Three Tiers of Conceptual Learning

Three Tiers of Conceptual LearningOverall Concepts

Conceptual training explains the theories or overall concepts behind the operation of the specific piece of avionics, explaining the why in a simple and usually graphical format. This allows greater comprehension and easier recall years after the initial training. Conceptual training implants tidbits of information that a pilot forms into a greater understanding of the overall organization. Conceptual training eases frustration and gives a pilot the knowledge to develop a new strategy when needed.

Common Tasks

The second tier of the training teaches common tasks using a building block approach. The pilot only needs to learn a few small tasks that are common throughout the operation of the unit. Additionally, the control philosophy and reasoning behind the use of those tasks is also taught. By learning tasks that are common throughout the operation of the unit, the individual tasks can be combined to form any larger procedure. Therefore, if the pilot knows the reasoning behind the individual tasks, combining those tasks together is easy. No more endless and complicated procedures to learn, and forget, just a few small tasks that are retained in memory much longer.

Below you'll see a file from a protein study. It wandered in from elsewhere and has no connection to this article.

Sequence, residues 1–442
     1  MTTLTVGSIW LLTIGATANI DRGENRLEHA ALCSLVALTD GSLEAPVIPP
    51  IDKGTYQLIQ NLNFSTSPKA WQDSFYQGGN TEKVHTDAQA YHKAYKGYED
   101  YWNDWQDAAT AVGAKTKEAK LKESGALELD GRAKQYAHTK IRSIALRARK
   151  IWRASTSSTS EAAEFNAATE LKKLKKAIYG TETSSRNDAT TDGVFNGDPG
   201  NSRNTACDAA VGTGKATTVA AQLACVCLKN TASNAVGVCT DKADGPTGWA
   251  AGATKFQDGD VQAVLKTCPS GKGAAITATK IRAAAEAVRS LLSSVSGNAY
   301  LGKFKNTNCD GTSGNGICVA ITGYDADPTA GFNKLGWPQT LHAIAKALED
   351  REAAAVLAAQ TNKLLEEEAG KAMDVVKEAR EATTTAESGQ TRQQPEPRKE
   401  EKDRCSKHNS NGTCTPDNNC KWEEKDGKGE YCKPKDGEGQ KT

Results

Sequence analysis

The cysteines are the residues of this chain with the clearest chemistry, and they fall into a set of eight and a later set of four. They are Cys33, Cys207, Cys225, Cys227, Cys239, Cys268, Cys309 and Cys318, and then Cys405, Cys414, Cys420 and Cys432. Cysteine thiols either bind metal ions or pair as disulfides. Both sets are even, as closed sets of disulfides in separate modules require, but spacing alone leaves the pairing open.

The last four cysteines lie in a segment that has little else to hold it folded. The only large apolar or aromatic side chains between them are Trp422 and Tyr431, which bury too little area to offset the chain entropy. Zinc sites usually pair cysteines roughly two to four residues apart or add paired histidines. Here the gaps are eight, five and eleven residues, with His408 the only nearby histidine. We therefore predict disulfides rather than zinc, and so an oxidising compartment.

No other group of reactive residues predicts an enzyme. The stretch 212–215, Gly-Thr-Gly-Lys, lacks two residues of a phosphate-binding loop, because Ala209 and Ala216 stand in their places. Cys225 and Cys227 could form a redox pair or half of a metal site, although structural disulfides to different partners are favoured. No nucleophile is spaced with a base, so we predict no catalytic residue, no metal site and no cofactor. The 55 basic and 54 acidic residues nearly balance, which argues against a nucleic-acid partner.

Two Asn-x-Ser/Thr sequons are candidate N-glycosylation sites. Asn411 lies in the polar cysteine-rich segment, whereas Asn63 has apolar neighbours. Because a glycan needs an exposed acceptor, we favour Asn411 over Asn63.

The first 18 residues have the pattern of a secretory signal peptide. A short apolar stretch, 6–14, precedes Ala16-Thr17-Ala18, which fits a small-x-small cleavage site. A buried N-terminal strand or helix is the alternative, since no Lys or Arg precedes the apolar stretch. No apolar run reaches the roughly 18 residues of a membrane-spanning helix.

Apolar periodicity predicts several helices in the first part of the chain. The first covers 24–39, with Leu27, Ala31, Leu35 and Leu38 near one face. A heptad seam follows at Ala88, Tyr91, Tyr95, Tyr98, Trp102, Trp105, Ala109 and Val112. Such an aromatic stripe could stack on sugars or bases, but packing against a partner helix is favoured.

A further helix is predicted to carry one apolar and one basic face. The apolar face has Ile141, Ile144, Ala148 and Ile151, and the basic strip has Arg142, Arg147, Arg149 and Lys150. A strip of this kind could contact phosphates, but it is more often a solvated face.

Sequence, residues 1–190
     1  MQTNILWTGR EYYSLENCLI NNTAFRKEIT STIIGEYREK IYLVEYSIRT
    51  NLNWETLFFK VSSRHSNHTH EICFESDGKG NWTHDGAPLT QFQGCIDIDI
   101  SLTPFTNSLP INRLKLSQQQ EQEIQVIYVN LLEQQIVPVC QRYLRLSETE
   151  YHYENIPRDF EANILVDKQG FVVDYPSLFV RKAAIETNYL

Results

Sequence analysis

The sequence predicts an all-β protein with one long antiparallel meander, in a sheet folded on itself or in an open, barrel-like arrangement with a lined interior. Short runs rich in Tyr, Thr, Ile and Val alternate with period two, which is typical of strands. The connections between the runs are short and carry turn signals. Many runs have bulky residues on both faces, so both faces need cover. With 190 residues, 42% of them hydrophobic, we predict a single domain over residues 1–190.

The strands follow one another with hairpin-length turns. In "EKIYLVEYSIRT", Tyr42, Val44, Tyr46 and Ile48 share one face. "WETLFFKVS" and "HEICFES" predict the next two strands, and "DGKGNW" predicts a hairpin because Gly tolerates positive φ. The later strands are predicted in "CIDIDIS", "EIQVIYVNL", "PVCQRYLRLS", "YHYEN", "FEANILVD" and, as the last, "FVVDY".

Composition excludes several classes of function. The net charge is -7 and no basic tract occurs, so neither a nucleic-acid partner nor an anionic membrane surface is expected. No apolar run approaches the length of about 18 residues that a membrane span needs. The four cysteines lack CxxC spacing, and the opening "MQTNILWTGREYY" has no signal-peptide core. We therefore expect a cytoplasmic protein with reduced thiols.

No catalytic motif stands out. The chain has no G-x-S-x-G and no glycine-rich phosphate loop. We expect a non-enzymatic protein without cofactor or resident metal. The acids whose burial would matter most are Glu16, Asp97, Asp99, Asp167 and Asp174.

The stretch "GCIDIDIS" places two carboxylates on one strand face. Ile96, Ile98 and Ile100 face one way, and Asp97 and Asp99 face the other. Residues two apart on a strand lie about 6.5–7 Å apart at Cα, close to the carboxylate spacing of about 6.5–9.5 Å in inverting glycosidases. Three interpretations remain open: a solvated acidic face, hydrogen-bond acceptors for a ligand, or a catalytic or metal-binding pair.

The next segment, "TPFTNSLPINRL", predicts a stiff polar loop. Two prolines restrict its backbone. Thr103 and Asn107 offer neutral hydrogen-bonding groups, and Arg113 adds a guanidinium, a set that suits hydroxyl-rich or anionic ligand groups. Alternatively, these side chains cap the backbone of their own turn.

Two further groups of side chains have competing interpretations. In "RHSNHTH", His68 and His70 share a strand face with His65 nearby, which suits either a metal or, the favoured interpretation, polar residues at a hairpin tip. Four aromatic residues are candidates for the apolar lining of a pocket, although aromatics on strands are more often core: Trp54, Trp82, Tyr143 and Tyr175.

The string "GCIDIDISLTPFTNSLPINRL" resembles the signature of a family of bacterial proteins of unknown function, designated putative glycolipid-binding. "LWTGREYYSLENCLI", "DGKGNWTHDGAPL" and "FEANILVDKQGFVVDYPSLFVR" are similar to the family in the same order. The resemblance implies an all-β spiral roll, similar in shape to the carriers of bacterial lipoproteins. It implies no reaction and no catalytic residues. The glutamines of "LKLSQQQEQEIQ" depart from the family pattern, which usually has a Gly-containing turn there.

Guided Practice

The third tier of the training provides the pilot, with hands-on experience in the operation of the avionics unit. To combine the conceptual knowledge and common task training into specific procedures, the training provides guided practice sessions. Using on-screen interactive techniques, the pilot can manipulate the avionics controls just as in the real aircraft. All of the necessary controls and displays are placed on a single screen, thus the pilot is able to learn the interplay between multiple control and display units.